2013 a bad year for bees in Canada

What beekeepers fear most - a dead hive. Photo: http://www.flickr.com/photos/bbcworldservice/ Some rights reserved.

What beekeepers fear most – a dead hive. Photo: BBC World Service, Creative Commons, some rights reserved.

Close on the heels of an earlier Dirt post on efforts to help bees and pollinators comes a flurry of bad news stories about bee health across Canada for this year.

Here's a headline from CBC: "Huge honeybee losses across Canada dash hopes of upturn".  This is based on spikes in colony losses. Some provinces were particularly hard-hit. Manitoba's losses were "only" 16% in 2012. For 2013, losses hit 46.4%. (Think about that number, it's close to half.)

Ontario went from 12% to 37.9%. Quebec fared better, but still saw losses increase from 16% to 24%. As CBC reported:

Nation-wide, the winter mortality rate rose to about 29 per cent of honey bee colonies, nearly double the deaths in the winter prior.

It’s a setback that is dashing hopes raised last year by a low national rate of honey bee deaths — 15 per cent. Beekeepers were optimistic that the low mortality might herald a return to the average and more manageable losses the industry used to see.

Colony loss and winter die-off is apparent in the spring, but this is hitting the news cycle in September because the statistics for 2013 are now available. (Read more at the Canadian Association of Apiculturists, including annual loss reports and the figures for 2013.)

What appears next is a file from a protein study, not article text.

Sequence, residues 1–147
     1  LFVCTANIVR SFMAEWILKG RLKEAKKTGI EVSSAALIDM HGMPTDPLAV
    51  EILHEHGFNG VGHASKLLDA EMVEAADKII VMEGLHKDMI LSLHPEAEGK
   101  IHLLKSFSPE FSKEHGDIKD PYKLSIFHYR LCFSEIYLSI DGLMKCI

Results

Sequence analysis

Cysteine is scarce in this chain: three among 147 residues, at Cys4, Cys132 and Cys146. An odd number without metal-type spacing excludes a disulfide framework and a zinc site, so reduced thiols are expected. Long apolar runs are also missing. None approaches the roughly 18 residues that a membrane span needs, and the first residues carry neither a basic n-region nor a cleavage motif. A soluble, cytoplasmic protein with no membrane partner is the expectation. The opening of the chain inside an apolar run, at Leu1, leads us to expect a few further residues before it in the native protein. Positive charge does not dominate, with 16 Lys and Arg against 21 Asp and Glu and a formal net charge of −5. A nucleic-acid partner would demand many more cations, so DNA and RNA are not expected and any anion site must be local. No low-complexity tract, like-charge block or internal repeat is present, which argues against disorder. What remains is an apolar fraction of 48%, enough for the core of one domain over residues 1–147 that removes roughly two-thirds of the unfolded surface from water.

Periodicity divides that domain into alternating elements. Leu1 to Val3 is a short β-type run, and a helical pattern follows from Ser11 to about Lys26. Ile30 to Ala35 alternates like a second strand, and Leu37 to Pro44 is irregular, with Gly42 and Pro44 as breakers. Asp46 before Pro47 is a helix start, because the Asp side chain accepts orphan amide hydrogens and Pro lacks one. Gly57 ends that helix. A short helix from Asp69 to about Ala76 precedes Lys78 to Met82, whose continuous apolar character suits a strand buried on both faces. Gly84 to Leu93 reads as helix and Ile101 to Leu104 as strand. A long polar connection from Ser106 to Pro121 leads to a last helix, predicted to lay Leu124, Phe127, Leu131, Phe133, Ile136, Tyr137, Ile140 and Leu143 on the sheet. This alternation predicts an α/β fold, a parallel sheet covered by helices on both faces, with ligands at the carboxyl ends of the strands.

It's worth keeping in mind that fluctuations over one year may or may not prove larger trends (losses went down in British Columbia, for example). Also, media sometimes seize upon certain narratives as easy ways to make hay, so to speak.

Case in point: a bee keeper I spoke with some years ago was annoyed with a TV reporter who had come seeking video and quotes that could be plugged into a preconceived story line – a story line the bee keeper did not happen to support. Truth be told, I had something similar in mind. (Chastened, I wiped my slate clean to accept what arose, instead of what I sought.)

Many bee keepers and ecologists think they know the main problem currently killing bees: pesticides called neonicotinoids. As reported by the Toronto Star:

According to the Grain Farmers of Ontario, the pesticide has been used on virtually all corn seeds in the province since 2004.

“Although there may be a pesticide more toxic to honeybees, I am not aware of one,” said Greg Hunt, a Purdue University entomologist who has studied how honey bees are exposed to the chemicals in Indiana, explaining that exposure to four billionths of a gram will have a 50 per cent chance of killing a bee, according to a 2011 study.

The pesticide is thought to spread during corn planting season, when machines kick up dust containing the toxic compound, which drifts to nearby areas where bees collect pollen and get contaminated.

The neonicotinoids debate is fractious and involves some of the usual fierce divisions in agriculture: big agribusiness interests verses poorly-funded critics of those modern agribusiness practices. Scientific research piles up on both sides.